The Angry Birds Movie 2 is a misnomer twice over. First, the onscreen title treatment and all of the advertising material state, clear as day, The Angry 2 Birds Movie. Second, the birds in this one are not angry. But I imagine that The Birds with Depression Movie would sell fewer tickets.

As you undoubtedly recall from that beloved family classic The Angry Birds Movie of 2016, the red bird Red (Jason Sudeikis) had just saved the avians of Bird Island from the invading army of neon green pigs of Piggy Island by having his fellow citizens launch themselves at the pigs' structures using slingshots. Now, former pariah Red has become a beloved hero, leading his people in an endless prank war against pig king Leonard (Bill Hader). But the pigs are about to have more on their mind than tormenting Bird Island: a giant ice ball crash-lands on Piggy Island, leading the terrified pigs to discover the existence of a heretofore unimagined third island, populated entirely by eagles under the leadership of the demented Zeta (Leslie Jones). She has grown tired of living on a block of snow and ice, and has decided that she deserves a nice tropical vacation, which will of necessity involve driving both the pigs and the birds from their homes. Leonard therefore calls a truce, which plunges Red into an existential panic: his entire sense of self-worth is based on being able to pose as the hero of Bird Island, and if that's taken away from him, he's convinced he'll return to the status of easily-irritated social outcast. In order to forestall this, he insistently forces himself into the role of leader of a new team of pigs and birds. The bird contingent is made up of his friends and fellow warriors Chuck (Josh Gad) and Bomb (Danny McBride), along cowardly ex-hero Mighty Eagle (Peter Dinklage), as well as Chuck's sister Silver (Rachel Bloom), an engineering genius; the pigs include Leonard, his assistant Courtney (Awkwafina), and gadget designer Garry (Sterling K. Brown). Red is a terrible leader, and every single useful idea comes from someone else on the team, but his desperation and terror at ending up alone prevent him from seeing that he's surrounded by his closest friends already.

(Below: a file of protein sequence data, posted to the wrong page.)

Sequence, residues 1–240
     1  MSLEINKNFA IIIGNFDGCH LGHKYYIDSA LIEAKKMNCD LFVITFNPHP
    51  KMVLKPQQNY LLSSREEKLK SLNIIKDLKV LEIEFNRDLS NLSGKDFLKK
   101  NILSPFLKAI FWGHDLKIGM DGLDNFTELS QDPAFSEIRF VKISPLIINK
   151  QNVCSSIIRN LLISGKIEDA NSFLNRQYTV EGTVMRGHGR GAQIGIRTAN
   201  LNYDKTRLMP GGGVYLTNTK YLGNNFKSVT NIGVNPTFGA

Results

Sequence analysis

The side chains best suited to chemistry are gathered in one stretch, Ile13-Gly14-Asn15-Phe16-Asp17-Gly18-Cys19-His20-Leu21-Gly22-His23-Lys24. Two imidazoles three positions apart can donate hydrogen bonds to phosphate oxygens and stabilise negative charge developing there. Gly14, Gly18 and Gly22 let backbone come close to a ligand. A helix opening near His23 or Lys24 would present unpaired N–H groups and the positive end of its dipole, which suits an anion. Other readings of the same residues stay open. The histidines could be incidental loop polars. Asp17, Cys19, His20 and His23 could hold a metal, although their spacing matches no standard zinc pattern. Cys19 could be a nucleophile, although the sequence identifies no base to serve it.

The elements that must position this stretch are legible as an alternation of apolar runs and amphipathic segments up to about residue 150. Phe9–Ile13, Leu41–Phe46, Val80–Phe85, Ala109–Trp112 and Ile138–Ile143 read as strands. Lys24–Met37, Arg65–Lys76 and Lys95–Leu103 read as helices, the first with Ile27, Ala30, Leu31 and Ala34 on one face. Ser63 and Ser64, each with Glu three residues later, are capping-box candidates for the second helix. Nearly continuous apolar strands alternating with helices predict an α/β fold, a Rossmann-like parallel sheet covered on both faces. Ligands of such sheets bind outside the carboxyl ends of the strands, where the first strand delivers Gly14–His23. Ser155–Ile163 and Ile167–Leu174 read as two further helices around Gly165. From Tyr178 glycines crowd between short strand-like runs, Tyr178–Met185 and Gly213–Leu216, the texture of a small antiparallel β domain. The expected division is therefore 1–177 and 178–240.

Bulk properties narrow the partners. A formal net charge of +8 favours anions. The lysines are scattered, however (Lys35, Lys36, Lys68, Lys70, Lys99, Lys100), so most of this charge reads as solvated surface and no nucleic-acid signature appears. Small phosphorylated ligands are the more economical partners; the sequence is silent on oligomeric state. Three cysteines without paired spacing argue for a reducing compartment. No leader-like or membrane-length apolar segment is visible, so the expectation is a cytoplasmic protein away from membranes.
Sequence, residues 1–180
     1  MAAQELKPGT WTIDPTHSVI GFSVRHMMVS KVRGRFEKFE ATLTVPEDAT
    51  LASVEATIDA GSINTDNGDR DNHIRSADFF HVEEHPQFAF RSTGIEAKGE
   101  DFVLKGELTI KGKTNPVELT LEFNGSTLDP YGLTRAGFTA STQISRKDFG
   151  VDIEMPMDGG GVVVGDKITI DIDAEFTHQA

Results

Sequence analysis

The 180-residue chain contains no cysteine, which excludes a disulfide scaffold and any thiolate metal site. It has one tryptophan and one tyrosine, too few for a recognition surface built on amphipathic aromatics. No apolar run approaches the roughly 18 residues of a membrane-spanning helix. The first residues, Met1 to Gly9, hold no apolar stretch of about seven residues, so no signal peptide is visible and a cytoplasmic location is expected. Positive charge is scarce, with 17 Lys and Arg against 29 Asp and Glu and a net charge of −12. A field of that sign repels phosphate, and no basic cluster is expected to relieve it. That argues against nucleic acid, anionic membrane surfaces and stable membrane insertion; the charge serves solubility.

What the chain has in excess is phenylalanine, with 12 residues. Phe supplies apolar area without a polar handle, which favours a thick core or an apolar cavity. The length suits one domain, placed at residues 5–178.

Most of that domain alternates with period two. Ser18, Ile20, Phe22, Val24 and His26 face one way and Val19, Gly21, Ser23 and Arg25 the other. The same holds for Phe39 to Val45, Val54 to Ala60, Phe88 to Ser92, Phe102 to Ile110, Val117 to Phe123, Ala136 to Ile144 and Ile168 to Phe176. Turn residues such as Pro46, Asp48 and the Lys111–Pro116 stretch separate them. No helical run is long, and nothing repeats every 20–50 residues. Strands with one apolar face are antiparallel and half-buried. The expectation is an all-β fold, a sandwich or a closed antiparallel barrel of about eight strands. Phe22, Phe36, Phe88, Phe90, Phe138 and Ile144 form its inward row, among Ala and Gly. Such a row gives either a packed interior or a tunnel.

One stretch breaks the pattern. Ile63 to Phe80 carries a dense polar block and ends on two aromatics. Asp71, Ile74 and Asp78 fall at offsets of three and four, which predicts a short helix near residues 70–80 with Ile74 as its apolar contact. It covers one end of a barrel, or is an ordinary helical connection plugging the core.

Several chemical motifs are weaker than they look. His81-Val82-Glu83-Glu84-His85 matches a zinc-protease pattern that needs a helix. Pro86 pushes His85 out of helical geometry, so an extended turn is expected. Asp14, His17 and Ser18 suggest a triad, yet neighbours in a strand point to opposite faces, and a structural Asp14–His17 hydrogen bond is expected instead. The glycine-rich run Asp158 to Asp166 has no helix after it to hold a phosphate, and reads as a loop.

In a completely unrelated subplot, three baby birds sail out on a makeshift raft and use euphemistic swears.

The consensus of opinion is that this film is an improvement upon its predecessor, and sure, I don't have an investment in agreeing or disagreeing with that. The Angry Birds Movie 2 has more characters with more distinctive personalities; but it also has a much weaker voice cast. It commits the single most annoying sin of the last movie, which is to include a simply ghastly number of music cues that feel like they came from whatever the music supervisor happened to lay hands on with a couple of minutes notice; there are fewer of them here, I think, though they're even more random ("Margaritaville", "Space Oddity", and "The Final Countdown" put in appearances, and if you can think of the most clichΓ©d possible use for each of them, you're most likely right). The psychological themes are more complicated - Red's terrified spiral into self-doubt is called into duty as a commentary on masculine fragility, and Zeta is an explicit parody of self-care culture - and not handled well at all.